Colostrum is the very first milk produced by cows and all other mammalian mothers after parturition and the first nutrition for mammalian neonates. Its composition differs markedly from the mature milk produced later in lactation, as it contains large amounts of bioactive factors such as immunoglobulins, growth factors, and antimicrobial factors together with high levels of proteins and peptides, carbohydrates, vitamins, and minerals and ash. 


It is considered essential for the initial immunological defense in the first weeks of life, as well as to the growth, development and maturation of the gastrointestinal tract in the newborn. All neonate mammals depend on the provision of colostrum to secure a safe start of life. The molecular structure of the bioactive factors are the practically the same in all mammals making colostrum bioidentical across species.

In recent years, much attention has been on the possible beneficial effects that bovine colostrum may provide to humans. Research using bovine colostrum as therapy on people with immune-deficiency syndromes, e.g. preterm infants and chemotherapy patients, NSAID-induced gastrointestinal disturbances, sport performance together with diarrhea and gut problems in general, all point to massive advantages from intake of bovine colostrum. The future prospects for using bovine colostrum as therapy against human disorders and diseases are massive and further research will establish the full potential.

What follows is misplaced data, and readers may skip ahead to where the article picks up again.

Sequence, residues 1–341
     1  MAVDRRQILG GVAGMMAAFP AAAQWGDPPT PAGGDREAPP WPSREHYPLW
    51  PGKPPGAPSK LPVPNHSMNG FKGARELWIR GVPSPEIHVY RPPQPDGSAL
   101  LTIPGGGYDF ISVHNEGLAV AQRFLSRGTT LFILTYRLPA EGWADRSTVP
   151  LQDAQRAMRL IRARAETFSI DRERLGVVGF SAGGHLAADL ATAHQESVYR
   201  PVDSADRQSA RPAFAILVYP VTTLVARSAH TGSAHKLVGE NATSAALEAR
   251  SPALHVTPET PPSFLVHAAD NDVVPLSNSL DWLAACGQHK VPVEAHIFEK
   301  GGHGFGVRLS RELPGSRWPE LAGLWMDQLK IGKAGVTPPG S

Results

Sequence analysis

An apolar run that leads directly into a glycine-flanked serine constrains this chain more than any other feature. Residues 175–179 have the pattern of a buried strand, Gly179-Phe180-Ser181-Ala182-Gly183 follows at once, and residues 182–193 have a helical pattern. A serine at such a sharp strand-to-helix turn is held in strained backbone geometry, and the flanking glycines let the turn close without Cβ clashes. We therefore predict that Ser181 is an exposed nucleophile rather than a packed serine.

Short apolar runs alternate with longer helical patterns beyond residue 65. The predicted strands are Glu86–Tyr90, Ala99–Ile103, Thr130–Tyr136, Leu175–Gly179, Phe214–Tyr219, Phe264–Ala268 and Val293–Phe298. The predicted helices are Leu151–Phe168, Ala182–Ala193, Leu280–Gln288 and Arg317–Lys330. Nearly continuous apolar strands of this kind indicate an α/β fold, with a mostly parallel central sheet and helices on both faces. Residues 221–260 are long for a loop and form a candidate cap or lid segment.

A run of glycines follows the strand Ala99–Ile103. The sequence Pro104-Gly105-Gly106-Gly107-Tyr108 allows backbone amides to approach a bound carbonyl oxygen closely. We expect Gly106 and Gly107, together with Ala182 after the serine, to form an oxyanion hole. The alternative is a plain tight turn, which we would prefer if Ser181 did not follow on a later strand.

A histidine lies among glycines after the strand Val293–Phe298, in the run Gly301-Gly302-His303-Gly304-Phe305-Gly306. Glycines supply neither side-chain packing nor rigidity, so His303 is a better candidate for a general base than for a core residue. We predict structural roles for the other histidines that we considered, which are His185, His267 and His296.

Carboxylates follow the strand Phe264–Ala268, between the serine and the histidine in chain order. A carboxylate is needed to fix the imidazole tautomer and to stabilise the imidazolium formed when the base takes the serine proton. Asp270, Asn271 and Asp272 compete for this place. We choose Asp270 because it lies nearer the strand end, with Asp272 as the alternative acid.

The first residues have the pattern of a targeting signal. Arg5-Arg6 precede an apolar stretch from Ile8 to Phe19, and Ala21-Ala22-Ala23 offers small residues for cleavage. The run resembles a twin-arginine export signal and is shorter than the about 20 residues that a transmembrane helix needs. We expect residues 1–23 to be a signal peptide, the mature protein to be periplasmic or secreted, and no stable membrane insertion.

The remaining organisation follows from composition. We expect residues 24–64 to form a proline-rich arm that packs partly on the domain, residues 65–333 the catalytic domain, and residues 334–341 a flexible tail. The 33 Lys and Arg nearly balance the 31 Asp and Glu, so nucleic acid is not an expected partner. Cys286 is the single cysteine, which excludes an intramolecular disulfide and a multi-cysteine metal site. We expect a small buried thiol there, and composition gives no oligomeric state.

On the following pages, the terms related to bioactivity indicate biological effects of nutrients beyond simple macronutrient and micronutrient supply, e.g. enhancement of nutrient absorption, growth stimulation, defense against pathogens, and modulation of the immune system.


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